Just like the spy work it celebrates and likely exaggerates, “Red Sparrow” can be pretty messy.
Based on the 2013 best-selling thriller of the same name by a career CIA man, Jason Matthews, “Red Sparrow” features characters making predictable and reckless choices. And none is more reckless than the story’s central figure, a dancer-turned-operative portrayed by Jennifer Lawrence.
While that can be frustrating, “Red Sparrow” is undeniably addictive with director Francis Lawrence (no relation to Jennifer) pulling you into Matthews’ world of Cold War-era espionage and ensuring you stay engaged with its twisty-turny trappings.
You’re likely to enjoy “Red Sparrow,” but, much like Lawrence’s heroine, you may not feel great about yourself in the process.
We are introduced to her Dominika Egorova hours before she is to perform a lead part in a big performance by Moscow’s Bolshoi Ballet. She is at home with her ill mother (Joely Richardson), who, because of her daughter’s status with The Bolshoi Theatre, is enjoying decent medical care.
We also meet Nate Nash (Joel Egerton), a U.S. operative in Moscow, who at this same time is receiving a coded message detailing where and when to meet a high-level Russian contact.
Just before his rendezvous with his contact in Moscow’s Gorky Park, Nate is spooked when he sees a police car approaching his source. Feeling the man’s identity must be protected at all costs, he fires off his gun several times to draw the attention of the police, whom he leads away from his source and ultimately evades himself.
It’s bad news for Nate as it was a false alarm, the police having no interest in the man.
“You can bet your ass they’re looking for him now,” one of Nate’s superiors (Bill Camp, “The Night Of”) later admonishes him.
Things get even worse that night for Dominika, who suffers a devastating injury on stage due to an apparent mistake by the male lead.
Three months later, she is smoking and using a cane to walk, her ballet career seemingly a thing of the past. Worse, her mother soon will have to rely on state medical care and the pair will lose their apartment, controlled by the theater. However, Dominika’s uncle, the government-employed Ivan (Matthias Schoenaerts), offers a solution, if a not-so-appealing one: become a spy for her country.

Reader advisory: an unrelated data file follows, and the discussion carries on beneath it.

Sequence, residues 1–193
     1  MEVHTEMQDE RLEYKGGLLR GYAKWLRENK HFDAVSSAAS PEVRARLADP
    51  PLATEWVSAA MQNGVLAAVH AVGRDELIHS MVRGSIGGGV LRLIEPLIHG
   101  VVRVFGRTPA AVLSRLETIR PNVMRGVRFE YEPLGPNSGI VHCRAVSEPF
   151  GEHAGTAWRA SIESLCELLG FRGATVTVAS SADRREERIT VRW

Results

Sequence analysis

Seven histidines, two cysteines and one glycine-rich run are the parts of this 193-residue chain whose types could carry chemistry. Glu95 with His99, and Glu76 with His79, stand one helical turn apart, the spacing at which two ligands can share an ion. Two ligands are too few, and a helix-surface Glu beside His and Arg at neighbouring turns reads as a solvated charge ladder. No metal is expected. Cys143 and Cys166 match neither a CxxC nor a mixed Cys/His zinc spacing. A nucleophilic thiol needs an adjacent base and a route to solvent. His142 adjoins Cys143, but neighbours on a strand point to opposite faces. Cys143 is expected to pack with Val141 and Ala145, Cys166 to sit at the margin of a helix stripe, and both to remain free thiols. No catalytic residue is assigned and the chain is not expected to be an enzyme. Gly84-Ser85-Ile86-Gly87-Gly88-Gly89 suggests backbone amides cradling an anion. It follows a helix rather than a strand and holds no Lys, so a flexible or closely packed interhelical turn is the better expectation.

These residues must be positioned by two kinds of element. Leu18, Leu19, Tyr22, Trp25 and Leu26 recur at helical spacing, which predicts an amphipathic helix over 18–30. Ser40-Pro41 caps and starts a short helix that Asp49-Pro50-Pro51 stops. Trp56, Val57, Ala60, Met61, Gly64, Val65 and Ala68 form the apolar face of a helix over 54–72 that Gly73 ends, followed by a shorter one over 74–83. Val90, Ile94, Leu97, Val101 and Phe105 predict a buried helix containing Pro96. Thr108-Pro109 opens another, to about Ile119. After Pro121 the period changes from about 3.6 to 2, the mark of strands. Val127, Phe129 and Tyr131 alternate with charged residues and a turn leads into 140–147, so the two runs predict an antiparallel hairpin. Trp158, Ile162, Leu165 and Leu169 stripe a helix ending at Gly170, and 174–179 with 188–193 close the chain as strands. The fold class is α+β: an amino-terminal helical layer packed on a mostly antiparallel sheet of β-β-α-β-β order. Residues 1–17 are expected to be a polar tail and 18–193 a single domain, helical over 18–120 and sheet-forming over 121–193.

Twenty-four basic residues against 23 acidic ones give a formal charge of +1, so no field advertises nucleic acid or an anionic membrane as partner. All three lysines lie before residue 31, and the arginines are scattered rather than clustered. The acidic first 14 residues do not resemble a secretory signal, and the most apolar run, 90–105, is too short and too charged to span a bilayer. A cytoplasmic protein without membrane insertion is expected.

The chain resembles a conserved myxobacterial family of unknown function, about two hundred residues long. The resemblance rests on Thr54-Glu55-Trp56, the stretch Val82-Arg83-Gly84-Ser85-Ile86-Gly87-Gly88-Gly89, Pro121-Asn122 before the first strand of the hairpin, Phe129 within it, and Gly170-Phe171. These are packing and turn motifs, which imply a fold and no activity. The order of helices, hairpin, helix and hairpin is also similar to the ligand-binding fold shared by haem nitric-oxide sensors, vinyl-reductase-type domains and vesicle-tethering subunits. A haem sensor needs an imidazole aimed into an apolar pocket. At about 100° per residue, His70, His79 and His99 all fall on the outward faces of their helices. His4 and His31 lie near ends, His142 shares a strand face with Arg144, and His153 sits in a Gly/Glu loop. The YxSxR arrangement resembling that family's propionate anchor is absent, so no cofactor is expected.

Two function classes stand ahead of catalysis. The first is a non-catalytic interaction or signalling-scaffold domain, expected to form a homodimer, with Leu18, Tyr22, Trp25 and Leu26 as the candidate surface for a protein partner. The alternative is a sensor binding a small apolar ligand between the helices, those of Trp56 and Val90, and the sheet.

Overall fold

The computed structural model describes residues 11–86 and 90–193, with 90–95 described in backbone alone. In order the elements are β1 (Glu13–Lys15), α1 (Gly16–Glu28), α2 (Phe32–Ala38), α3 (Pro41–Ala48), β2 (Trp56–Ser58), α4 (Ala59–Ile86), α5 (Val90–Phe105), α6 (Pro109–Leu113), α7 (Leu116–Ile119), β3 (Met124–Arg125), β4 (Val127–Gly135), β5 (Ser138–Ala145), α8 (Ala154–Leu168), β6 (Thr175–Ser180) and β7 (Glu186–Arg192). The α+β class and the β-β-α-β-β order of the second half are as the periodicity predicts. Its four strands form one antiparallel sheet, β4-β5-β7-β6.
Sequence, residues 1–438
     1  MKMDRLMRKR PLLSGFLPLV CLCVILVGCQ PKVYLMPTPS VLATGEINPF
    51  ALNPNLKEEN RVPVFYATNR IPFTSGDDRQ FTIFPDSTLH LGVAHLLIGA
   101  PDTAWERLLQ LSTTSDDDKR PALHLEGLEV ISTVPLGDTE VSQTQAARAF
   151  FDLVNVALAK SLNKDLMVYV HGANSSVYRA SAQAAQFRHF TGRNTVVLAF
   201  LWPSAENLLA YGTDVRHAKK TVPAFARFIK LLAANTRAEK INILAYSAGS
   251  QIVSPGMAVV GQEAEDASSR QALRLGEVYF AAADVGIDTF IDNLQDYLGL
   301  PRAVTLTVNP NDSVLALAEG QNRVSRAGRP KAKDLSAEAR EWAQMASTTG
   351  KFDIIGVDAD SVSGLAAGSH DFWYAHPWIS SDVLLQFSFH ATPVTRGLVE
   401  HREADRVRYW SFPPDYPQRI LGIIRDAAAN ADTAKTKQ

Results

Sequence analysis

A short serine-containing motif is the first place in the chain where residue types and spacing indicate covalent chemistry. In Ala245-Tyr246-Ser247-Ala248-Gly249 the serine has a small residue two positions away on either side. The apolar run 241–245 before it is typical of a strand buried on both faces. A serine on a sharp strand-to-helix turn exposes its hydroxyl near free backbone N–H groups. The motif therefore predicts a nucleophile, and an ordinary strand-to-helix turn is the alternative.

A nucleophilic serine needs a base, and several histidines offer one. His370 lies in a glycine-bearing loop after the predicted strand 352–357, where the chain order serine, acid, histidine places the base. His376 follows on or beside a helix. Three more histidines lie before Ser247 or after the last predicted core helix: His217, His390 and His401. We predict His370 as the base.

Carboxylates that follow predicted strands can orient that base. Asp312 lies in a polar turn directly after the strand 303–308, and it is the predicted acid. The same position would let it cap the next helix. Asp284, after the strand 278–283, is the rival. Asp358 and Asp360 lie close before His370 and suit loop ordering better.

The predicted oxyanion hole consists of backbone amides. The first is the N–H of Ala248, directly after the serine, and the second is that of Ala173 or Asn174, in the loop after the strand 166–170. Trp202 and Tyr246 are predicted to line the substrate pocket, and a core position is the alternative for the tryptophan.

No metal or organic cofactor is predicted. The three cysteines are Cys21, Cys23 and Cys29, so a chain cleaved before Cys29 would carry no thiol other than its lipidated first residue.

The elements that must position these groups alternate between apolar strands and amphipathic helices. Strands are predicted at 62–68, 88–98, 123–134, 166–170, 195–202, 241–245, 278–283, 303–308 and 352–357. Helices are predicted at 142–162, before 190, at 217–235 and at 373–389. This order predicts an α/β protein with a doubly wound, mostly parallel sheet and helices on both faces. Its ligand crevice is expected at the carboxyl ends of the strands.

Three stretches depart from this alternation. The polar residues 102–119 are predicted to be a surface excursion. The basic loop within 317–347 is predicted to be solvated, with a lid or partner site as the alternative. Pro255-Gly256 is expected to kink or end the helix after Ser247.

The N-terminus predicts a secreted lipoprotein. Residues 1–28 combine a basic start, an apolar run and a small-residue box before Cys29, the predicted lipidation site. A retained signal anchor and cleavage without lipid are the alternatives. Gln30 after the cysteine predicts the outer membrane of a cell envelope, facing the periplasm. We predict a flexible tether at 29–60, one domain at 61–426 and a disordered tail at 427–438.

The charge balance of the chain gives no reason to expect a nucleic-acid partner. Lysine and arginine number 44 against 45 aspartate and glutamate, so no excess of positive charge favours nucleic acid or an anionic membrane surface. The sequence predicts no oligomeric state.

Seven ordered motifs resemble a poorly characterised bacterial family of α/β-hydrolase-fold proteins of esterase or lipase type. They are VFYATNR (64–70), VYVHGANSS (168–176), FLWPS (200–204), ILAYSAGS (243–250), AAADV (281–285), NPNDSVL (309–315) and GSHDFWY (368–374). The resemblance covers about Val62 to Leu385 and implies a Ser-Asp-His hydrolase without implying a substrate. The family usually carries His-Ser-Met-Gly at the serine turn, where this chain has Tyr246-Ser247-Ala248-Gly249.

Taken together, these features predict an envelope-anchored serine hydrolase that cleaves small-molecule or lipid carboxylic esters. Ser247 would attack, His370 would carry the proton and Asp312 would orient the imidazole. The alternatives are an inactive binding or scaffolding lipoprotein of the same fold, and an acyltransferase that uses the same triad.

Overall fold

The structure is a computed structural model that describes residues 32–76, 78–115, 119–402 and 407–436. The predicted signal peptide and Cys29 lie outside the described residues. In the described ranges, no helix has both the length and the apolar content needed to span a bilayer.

Reluctantly, she accept an assignment to get close to an important man she met the night of her final performance at the ballet and try to extract important information from him.
“How do you expect me to win his trust,” she asks her uncle.
“You’ve always known how to put on a show,” he responds.
Let’s just say things do not go exactly as she’d plan once she has the man alone in a hotel room.
Eventually, Dominika agrees to become a so-called “Sparrow,” a woman trained in psychological manipulation and to use her sexuality — and her body — to acquire information.
“Every human being is a puzzle of need,” she is told by her instructor, Matron (Charlotte Rampling of “45 Years,” making an impression in a minor role). “You must become the missing piece.”
Following some uncomfortable scenes at Sparrow school — make no mistake, this film is selling more than a bit of salaciousness — Dominika is sent into the field with a new identity.
It isn’t until about 50 minutes into the film that her path finally crosses with Nate’s, the pair bound to become entangled and take us through a fairly typical dance designed to keep us guessing about who can trust whom and the like.
As adapted by Justin Haythe (“A Cure for Wellness”), “Red Sparrow” goes about that somewhat clumsily, Dominika’s motivations often seeming a bit too obvious. She also doesn’t appear to be that great at spycraft, despite other characters regularly telling her she is.
“Red Sparrow” is a bit better at keeping us guessing as to the identity of the Russian mole, with two other high-ranking officials being portrayed by equally capable “Justice League” alums Ciarán Hinds (“Silence”) and Jeremy Irons (“Race”).
Mary Louise Parker (“Weeds”) also makes an appearance, of over-the-top variety, as the boozing chief of staff for a U.S. politician willing to sell highly sensitive information to the Russians.
And, while nicely paced, “Red Sparrow” itself is just a bit too over-the-top as directed by Lawrence. The tone he establishes is probably just a bit too serious considering some of the goings-on in the story.
Having directed Jennifer Lawrence in the final three “Hunger Games” films, the male Lawrence clearly has the endorsement of the star, who gives him a mostly successful performance. Even as “Red Sparrow” shows increasing signs it will fall out of the air, the lady Lawrence is not the problem.
Meanwhile, Edgerton — who, covered in makeup to portray an orc, gave the standout performance in Netflix’s recent bizarre Will Smith-starring cop-fantasy mashup “Bright” — offers a merely garden-variety effort here.
More memorable is Schoenaerts (“The Danish Girl”), who makes it very difficult to truly decipher Ivan’s intentions when it comes to his niece.
With its relatively heavy dose of edge-pushing sexual content, “Red Sparrow” seems a little too interested in titillating than telling a great story. However, it will keep you guessing, at least to a degree, until the final credits, which a movie like this must do to be successful.
‘Red Sparrow’In theaters: March 2.
Rated: R for strong violence, torture, sexual content, language and some graphic nudity.
Runtime: 2 hours, 20 minutes.Stars (of four): 2.5.